The film takes place in 1973 during the Yom Kippur War in which Egypt and Syria launched attacks in Sinai and the Golan Heights. The story is told from the perspective of Israeli soldiers. ... See full summary »
Two interconnected stories in the 1930s, one set in Berlin, the other in Palestine: Mania Vilbouchevich Shohat (1880-1961), called Tania, a Russian Jew and revolutionary, goes from Minsk to... See full summary »
Tells the story of the complex relationship between an Israeli Secret Service officer and his teenage Palestinian informant. Shuttling back and forth between conflicting points of view, the... See full summary »
Two women embark on a road trip after they are brought together by circumstance. Rebecca (Portman) flees her hotel after a fight with her mother-in-law (Maura) and hails a taxi driven by Hanna (Lazlo).
Two estranged sisters, Ester and Anna, and Anna's 10-year-old son travel to the Central European country on the verge of war. Ester becomes seriously ill and the three of them move into a hotel in a small town called Timoka.
The year 2000 approaches in Jerusalem's Orthodox Mea Shearim quarter, where the women work, keep house, and have children so the men can study the Torah and the Talmud. Rivka is happily and passionately married to Meir, but they remain childless. The yeshiva's rabbi, who is Meir's father, wants Meir to divorce Rivka: "a barren woman is no woman." Rivka's sister, Malka, is in love with Yakov, a Jew shunned by the yeshiva as too secular. The rabbi arranges Malka's marriage to Yossef, whose agitation when fulfilling religious duties approaches the grotesque. Can the sisters sort out their hearts' desires within this patriarchal world? If not, have they any other options?Written by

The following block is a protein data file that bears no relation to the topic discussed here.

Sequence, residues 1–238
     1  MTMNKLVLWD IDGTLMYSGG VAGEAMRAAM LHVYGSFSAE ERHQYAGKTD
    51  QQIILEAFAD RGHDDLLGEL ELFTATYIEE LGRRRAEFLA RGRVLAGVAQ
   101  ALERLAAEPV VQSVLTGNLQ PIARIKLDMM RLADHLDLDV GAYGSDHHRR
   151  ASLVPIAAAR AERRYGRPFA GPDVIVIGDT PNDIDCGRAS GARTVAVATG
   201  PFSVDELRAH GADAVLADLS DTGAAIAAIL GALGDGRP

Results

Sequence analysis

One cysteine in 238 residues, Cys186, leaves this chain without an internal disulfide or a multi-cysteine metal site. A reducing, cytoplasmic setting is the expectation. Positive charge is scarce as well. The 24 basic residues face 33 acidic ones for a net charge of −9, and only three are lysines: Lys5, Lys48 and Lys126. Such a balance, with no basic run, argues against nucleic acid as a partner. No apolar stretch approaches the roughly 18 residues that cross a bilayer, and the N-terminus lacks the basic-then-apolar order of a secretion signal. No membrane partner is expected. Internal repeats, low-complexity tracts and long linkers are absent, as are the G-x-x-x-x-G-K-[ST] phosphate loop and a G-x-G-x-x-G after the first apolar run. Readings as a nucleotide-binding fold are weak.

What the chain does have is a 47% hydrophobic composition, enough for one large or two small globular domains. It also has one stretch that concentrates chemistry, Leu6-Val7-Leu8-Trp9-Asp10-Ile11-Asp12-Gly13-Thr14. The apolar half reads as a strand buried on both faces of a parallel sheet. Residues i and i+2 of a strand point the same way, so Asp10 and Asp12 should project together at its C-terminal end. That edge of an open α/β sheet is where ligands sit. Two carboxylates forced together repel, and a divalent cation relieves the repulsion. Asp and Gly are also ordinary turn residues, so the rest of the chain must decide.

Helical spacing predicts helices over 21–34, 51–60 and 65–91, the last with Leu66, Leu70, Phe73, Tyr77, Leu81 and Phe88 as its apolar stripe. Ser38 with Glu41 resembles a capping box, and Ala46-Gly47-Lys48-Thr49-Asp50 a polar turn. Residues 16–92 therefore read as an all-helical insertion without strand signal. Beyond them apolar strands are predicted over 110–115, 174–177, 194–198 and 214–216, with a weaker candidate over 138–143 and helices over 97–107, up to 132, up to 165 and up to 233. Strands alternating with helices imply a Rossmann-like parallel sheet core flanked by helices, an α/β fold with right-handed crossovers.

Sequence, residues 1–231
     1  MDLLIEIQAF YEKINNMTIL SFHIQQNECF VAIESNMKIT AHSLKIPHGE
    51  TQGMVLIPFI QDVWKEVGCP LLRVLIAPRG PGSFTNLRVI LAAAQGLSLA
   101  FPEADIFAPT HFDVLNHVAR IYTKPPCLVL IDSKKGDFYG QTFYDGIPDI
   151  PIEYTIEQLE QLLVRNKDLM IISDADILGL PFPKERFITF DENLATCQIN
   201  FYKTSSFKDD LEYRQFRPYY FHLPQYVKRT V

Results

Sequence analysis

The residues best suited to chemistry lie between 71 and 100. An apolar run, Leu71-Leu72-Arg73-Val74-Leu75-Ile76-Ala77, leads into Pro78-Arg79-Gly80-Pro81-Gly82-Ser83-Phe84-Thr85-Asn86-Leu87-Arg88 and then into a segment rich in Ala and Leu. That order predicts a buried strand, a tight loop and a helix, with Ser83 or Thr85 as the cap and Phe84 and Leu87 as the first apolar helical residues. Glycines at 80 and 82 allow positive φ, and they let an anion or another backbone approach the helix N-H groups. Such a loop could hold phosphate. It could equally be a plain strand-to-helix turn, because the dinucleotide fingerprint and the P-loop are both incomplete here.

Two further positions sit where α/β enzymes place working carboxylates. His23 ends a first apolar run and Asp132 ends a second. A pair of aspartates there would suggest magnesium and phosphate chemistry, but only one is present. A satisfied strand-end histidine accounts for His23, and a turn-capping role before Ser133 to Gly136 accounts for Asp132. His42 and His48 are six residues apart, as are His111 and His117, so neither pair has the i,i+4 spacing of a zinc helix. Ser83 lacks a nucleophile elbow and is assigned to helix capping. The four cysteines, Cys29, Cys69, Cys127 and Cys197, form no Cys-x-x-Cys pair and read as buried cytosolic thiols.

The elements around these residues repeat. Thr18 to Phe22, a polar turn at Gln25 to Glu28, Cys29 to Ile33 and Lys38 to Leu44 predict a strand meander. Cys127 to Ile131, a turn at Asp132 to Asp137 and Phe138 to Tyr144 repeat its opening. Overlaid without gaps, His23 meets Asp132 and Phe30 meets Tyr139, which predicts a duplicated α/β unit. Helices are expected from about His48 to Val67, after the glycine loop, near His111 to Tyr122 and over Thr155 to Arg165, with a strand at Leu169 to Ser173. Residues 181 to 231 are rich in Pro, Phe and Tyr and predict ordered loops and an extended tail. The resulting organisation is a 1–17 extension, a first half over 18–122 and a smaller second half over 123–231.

Above the controversy rises Meital Berdah's talent
Some have called this movie anti-religious, other argue that it shows Israel is a real democracy, financing movies which criticize all the aspects of its society, probably in a more abstruse way than European cinema today. More than the controversies and even the story, I remember the actors' talent. Especially Meital Berdah. In the movie, she plays the role of Yaël Abecassis' sister. I would think that in real life, she's Jennifer Connelly's sister. She has the same worrying strength on screen, the same charisma. When Connelly leaves her nightmares in Requeim For A Dream, we're both afraid and attracted by her eyes. The feeling is shared when Berdah leaves her neighborhood for a better life, trying to let a bitter marital experience slide, washed down the drinks of lowlifes who hang around the bar where her lover works.
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